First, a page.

Dean Benjamin WisdomTree

WisdomTree ETF : Different digital assets, different monetary policies

WisdomTree ETF: Monetary policy varies across different digital asset networks (e.g. Bitcoin, Ethereum, etc).

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Benjamin Dean, Director, Digital Assets, WisdomTree

This feeds into the value proposition presented by different networks. Benjamin Dean, Director, Digital Assets, WisdomTree explores how and why they differ and what this means for investors.

 “The Bank of England considers the term ‘monetary policy’ to mean, “the action a central bank or a government can take to influence how much money is in a country’s economy and how much it costs to borrow.” Transposing this concept onto digital asset networks, like Bitcoin or Ethereum, one can think of digital asset monetary policy as the means by which the amount of coins (cryptocurrencies) or tokens is determined over time in/by/for the digital asset network. This determination is written in software code but might be determined by a company or a group of network users or some other party. This variation helps differentiate digital asset networks from one another – helps frame value propositions – and ultimately provides a basis to inform investment allocations.

How does monetary policy differ across digital asset networks?

 “Bitcoin’s monetary policy does not change. There is a limit on the total supply of bitcoins: there will only ever be 21 million bitcoins created[1]. For this limit to be changed would require agreement[2] from a majority of the 10,000 plus bitcoin nodes[3] that run the open source software. In the past there has been disagreement about how many bitcoins should be created, which has caused ‘hard forked’ bitcoin variants (e.g. Bitcoin Cash). The amount of new bitcoins created decreases over time. Every four years the amount of bitcoins is reduced by 50% (‘the halvening[4]’). The final bitcoin will be mined in approximately 2140. In this sense bitcoin is inflationary (i.e. more bitcoin is created each day up to 2140) but the amount created decreases over time (deflationary). This leads some to liken bitcoin to ‘digital gold’, which makes some sense until one considers that the amount of new gold mined increases/decreases in response to the price of gold at any point in time. This does not happen with bitcoin – the number of bitcoins created increases at a fixed emission schedule.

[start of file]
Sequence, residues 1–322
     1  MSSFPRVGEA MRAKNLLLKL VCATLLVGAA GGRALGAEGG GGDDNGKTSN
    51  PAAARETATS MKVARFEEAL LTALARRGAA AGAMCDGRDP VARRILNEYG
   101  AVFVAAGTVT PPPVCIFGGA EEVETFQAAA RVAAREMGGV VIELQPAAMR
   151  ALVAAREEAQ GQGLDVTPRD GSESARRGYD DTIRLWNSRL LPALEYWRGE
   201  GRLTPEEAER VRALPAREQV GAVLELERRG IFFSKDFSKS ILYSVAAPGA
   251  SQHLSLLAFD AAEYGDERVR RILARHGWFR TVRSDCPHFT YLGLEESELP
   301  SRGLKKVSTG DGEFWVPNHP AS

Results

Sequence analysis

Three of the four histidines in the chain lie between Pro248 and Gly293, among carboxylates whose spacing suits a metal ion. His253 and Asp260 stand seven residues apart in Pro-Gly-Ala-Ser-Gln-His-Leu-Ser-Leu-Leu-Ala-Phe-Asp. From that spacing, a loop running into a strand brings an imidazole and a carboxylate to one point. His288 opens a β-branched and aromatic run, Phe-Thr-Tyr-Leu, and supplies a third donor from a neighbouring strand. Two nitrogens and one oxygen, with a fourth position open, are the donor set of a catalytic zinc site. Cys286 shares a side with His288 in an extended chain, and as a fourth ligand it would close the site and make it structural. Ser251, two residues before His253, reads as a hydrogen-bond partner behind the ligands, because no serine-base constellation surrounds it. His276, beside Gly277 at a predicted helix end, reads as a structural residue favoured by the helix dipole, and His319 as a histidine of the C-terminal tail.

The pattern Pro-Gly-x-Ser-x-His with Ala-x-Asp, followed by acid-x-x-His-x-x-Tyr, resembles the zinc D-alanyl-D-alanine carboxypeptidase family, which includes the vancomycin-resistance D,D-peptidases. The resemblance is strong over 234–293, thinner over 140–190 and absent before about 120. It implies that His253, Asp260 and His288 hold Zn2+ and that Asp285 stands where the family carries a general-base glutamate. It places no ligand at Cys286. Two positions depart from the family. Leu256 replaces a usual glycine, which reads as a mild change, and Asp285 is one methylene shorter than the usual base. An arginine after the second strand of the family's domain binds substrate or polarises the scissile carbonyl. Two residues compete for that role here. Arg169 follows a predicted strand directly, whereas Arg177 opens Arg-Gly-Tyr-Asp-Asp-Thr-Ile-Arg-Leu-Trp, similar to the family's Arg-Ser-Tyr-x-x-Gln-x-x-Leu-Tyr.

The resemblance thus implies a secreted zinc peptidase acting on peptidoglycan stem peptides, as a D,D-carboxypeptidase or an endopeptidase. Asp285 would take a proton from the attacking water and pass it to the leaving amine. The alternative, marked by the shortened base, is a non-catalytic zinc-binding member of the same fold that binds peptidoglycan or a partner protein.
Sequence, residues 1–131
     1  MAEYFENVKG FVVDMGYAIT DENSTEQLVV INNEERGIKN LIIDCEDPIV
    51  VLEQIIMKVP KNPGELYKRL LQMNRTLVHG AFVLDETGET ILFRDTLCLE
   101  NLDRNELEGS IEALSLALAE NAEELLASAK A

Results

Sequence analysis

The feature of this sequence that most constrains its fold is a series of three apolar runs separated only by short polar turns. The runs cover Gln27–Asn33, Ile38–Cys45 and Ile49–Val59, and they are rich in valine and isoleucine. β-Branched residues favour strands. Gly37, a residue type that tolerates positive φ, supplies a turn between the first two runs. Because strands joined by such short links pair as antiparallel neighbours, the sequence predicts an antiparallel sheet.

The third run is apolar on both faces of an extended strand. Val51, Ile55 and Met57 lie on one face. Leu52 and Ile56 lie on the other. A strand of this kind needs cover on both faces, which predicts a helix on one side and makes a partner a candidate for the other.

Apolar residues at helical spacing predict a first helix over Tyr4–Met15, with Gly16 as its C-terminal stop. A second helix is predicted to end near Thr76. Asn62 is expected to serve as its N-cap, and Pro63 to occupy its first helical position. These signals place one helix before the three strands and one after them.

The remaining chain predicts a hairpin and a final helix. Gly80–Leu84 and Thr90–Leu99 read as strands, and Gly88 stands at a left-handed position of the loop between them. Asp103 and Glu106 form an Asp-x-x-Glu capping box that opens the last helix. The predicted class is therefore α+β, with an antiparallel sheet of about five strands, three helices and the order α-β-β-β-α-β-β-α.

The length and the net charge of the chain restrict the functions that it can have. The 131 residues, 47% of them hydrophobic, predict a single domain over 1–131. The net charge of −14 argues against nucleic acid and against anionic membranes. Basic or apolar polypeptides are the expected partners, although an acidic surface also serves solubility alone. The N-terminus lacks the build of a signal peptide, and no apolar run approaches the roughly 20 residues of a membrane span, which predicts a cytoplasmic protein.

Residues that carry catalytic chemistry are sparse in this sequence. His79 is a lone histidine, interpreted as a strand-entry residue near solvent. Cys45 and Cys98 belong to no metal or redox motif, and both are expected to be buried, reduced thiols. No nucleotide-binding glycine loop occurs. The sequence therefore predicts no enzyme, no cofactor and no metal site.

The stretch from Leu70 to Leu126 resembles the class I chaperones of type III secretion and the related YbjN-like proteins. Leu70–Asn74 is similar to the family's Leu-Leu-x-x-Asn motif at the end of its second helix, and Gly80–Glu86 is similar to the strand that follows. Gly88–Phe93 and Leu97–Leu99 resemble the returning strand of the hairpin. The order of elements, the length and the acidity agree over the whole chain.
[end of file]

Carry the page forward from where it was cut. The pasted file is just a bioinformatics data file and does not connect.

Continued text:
“Ethereum’s monetary policy can and has changed in the past. Each year 18 million new ether are created. There is no cap on the total supply of ether that can be created. This leads some to term its monetary policy as inflationary. Recent changes to the Ethereum source code were adopted by a sufficient number of nodes to result in a change to the monetary policy. This was called the ‘London Hard Fork’[5] brought about due to the implementation of Ethereum Improvement Proposal 1559. Now and into the future, whenever someone uses the Ethereum network a proportion of the fee paid to miners is ‘burned’ (i.e. taken out of supply and destroyed). This has led to a situation where some days there is more ether burned than new ether created, which one might term ‘deflationary’.

“There are a multitude of different digital asset networks – each with their own monetary policies calibrated to their functional needs. Tether (USDT), for instance, is a token that corresponds to USD$1. Tether’s issuer claims that USDT is backed by bank reserves and loans which match or exceed the value of USDT in circulation[6]. These representative tokens are distributed via many different digital asset networks (e.g. Ethereum, Tron, Algorand, etc). By contrast the BNB token, which is issued by digital asset exchange Binance, can be created or burnt[7] as the Binance company wishes. In fact a certain amount of BNB tokens are burnt each quarter.

How can digital asset monetary policy inform investment allocations?

 “Stepping back, the monetary policy for different digital asset networks can have an impact on the expected market price of the coins or tokens in question. Think about it in terms of demand and supply. In a situation where less and less of the coin/token is created (deflationary), coupled with increased demand for said coin/token, one would expect the price to rise. For a coin/token where the supply is not capped (inflationary), demand needs to be sufficient to absorb the increasing supply over time for prices to remain stable or rise.

 “Some investors might be more comfortable with a monetary policy that cannot change over time.  Others might prefer a situation where the monetary policy can change in response to changing needs or conditions (e.g. network scaling, increased profitability, etc). This can come with risks though depending on the (corporate) governance of the organisation that has the capability to change monetary policy.

 “Finally, the digital asset space can be characterised as inflationary in the sense that new coins and tokens can be created by whoever possesses the technical ability to do so. Its potential to grow is only capped by the extent to which people have new needs that need satisfying over time, which as any economist will tell you, is infinite.”



3 A Bitcoin node is any computer that runs a Bitcoin implementation and stores the entire blockchain.



6 Tether’s issuer claims that USDT is backed by bank reserves and loans which match or exceed the value of USDT in circulation



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